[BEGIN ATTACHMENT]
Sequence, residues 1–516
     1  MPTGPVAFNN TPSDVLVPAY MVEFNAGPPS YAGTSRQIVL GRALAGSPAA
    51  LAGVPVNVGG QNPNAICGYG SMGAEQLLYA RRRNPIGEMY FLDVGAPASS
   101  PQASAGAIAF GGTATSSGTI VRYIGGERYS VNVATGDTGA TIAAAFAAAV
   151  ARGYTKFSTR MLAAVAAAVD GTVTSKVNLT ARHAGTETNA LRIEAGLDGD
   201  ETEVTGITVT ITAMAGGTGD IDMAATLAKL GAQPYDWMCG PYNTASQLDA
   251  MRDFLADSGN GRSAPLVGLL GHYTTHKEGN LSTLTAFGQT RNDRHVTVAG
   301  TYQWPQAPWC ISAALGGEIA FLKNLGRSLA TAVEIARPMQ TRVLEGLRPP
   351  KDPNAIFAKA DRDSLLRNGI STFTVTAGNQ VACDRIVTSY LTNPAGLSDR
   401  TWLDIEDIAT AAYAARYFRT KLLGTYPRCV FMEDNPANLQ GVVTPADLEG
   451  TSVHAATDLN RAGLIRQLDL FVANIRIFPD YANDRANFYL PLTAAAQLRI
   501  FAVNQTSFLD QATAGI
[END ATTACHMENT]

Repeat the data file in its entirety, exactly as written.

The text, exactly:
Sequence, residues 1–516
     1  MPTGPVAFNN TPSDVLVPAY MVEFNAGPPS YAGTSRQIVL GRALAGSPAA
    51  LAGVPVNVGG QNPNAICGYG SMGAEQLLYA RRRNPIGEMY FLDVGAPASS
   101  PQASAGAIAF GGTATSSGTI VRYIGGERYS VNVATGDTGA TIAAAFAAAV
   151  ARGYTKFSTR MLAAVAAAVD GTVTSKVNLT ARHAGTETNA LRIEAGLDGD
   201  ETEVTGITVT ITAMAGGTGD IDMAATLAKL GAQPYDWMCG PYNTASQLDA
   251  MRDFLADSGN GRSAPLVGLL GHYTTHKEGN LSTLTAFGQT RNDRHVTVAG
   301  TYQWPQAPWC ISAALGGEIA FLKNLGRSLA TAVEIARPMQ TRVLEGLRPP
   351  KDPNAIFAKA DRDSLLRNGI STFTVTAGNQ VACDRIVTSY LTNPAGLSDR
   401  TWLDIEDIAT AAYAARYFRT KLLGTYPRCV FMEDNPANLQ GVVTPADLEG
   451  TSVHAATDLN RAGLIRQLDL FVANIRIFPD YANDRANFYL PLTAAAQLRI
   501  FAVNQTSFLD QATAGI